Bill against sex-selective abortion comes to vote

Published in POLITICO

A vote Thursday on a bill to outlaw sex-selective abortion is the latest step in an awkward dance between the House Republican leadership and the large faction of passionate abortion opponents in the caucus.

Anti-abortion bills percolate constantly in committee, but leadership has not been pushing to get them to the floor as they attempt to stay focused on an economic message, say sources close to anti-abortion Republican members. But for this bill, anti-abortion advocates say sponsor Rep. Trent Franks (R-Ariz.) got a vote scheduled as a concession when he agreed not to try to attach the measure to the Violence Against Women Act, which has been bogging down Republicans on a divisive social issue.

Franks said he understands why the GOP leaders are “trying to do everything they can to point out to the country that under Mr. Obama’s leadership, we have less people working.” But he argued that his abortion bill is consistent with an economic theme because “the reason we have an economy … [is] because that we in America believe that life is a gift from God.”

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How IT could trip up state health care exchanges

Published in POLITICO

If state health care exchanges survive the Supreme Court challenge, the election and state tea party activists, health policy experts are worried they could still be brought down by a much more mundane problem: information technology.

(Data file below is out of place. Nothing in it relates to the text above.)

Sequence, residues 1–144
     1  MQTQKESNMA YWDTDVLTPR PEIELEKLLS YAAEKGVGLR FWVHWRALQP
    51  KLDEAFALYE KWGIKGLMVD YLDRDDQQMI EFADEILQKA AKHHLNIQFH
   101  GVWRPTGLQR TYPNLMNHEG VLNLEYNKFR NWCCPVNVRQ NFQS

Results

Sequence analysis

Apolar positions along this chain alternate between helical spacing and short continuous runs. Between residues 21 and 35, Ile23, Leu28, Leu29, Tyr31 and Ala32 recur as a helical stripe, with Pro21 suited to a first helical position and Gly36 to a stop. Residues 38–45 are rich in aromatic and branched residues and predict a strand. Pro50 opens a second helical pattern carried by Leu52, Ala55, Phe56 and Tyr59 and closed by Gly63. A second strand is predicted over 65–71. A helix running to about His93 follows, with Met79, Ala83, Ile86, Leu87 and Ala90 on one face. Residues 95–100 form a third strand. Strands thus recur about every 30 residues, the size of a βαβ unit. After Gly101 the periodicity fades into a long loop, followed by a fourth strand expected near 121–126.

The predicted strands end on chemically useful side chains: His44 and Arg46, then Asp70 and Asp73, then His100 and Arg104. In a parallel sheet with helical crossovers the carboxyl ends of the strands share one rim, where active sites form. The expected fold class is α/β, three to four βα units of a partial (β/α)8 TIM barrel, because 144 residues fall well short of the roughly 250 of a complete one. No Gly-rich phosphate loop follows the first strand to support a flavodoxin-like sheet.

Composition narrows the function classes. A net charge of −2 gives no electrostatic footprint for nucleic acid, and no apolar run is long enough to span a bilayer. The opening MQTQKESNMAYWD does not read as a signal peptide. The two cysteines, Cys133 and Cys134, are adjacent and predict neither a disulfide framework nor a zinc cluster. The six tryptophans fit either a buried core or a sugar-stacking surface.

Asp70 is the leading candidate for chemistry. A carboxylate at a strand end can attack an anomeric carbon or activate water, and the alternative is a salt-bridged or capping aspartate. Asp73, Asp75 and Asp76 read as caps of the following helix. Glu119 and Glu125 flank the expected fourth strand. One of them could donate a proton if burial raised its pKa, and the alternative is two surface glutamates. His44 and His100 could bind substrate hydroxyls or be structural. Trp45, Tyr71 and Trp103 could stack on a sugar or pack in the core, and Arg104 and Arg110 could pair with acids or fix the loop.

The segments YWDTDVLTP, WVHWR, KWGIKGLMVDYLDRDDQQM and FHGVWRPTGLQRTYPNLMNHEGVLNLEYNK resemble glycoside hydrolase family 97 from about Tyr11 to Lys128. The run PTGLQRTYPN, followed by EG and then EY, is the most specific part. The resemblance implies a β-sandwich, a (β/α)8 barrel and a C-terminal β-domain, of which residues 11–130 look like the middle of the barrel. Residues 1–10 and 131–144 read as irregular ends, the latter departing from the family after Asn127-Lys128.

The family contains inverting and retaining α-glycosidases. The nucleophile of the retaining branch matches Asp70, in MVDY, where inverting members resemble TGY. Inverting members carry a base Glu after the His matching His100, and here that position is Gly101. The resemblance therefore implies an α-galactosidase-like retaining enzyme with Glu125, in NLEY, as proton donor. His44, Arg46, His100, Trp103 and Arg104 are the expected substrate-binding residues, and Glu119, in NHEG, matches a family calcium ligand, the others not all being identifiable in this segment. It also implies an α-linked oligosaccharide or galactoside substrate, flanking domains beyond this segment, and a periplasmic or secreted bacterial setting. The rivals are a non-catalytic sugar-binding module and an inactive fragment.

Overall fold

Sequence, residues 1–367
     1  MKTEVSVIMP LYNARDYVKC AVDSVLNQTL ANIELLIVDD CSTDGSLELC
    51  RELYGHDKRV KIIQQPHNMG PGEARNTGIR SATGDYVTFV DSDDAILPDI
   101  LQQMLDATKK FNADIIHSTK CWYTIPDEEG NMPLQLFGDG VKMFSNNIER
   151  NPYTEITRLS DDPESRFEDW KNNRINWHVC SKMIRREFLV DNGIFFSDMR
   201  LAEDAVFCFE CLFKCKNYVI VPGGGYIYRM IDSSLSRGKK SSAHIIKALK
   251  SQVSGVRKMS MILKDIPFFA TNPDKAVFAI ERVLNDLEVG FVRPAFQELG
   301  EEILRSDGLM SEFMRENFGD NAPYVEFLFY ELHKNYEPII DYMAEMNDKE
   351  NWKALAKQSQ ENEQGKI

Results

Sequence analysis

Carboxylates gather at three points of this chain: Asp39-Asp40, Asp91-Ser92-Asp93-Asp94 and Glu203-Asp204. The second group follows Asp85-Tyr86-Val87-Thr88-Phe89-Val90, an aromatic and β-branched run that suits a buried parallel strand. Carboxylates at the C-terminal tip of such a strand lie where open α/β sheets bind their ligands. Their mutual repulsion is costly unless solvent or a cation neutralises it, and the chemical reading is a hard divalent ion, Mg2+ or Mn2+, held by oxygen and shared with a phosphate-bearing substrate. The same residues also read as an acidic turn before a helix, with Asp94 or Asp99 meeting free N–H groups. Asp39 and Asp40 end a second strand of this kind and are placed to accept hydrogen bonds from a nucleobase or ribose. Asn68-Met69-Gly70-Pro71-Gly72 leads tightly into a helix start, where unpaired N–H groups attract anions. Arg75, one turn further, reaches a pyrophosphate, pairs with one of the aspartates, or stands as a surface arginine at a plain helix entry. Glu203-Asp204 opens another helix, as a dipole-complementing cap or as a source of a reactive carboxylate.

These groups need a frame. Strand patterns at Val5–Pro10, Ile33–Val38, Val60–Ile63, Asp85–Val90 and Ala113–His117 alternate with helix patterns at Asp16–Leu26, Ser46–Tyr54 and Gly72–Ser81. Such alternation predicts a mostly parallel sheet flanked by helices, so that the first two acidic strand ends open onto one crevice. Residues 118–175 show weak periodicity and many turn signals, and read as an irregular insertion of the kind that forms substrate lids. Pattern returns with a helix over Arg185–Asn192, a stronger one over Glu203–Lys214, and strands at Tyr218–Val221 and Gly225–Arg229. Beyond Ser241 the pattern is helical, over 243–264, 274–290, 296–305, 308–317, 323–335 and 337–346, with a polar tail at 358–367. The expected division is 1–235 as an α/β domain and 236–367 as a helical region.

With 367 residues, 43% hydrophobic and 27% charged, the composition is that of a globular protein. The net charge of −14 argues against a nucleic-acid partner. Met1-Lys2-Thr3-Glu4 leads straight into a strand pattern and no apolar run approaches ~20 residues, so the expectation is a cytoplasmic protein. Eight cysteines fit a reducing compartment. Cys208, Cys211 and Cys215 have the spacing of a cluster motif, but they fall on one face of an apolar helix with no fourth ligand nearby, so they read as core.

Even states that are solidly committed to pursuing an exchange are facing major logistical challenges in building the computer systems that will be able to handle enrollment when exchanges open for business in 2014.

That’s largely because the system that will actually connect people to the right coverage will have to “talk” to many other systems, and they don’t use a common language. This includes a yet-to-be built federal “data hub” with tax and citizenship data, the enrollment systems of multiple private insurers selling exchange plans, and — hardest of all — state Medicaid enrollment systems, many of which are not yet fully computerized.

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Few states likely ready to run exchanges

Published by POLITICO

By J. LESTER FEDER AND JASON MILLMAN

It is now clear that when health insurance exchanges open in 2014 the federal government will be playing the lead, not the understudy.

Many insurance experts and health policy consultants predict only a dozen or so states will be ready to run exchanges on their own — and a few say that projection may be too sunny.

Only a handful of the most militant states are likely to continue all-out resistance to federal health care reform if the law is upheld — which ironically would mean the federal government would run their exchanges.

But for most states, the most likely scenario is “partnerships” in which states run some parts of these new insurance markets but the feds run many aspects that consumers will experience most directly.

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Little pushback on Romney fundraiser

Published in POLITICO

The outrage from major anti-abortion groups after Mitt Romney held a fundraiser with the chairman of the maker of the emergency contraceptive Plan B was … well, rather quiet.

Even though abortion opponents widely believe emergency contraception causes abortion (the FDA says otherwise), leading groups are holding their tongues about the fundraiser hosted by Teva Pharmaceuticals Chairman Phil Frost on Wednesday night in Coral Gables.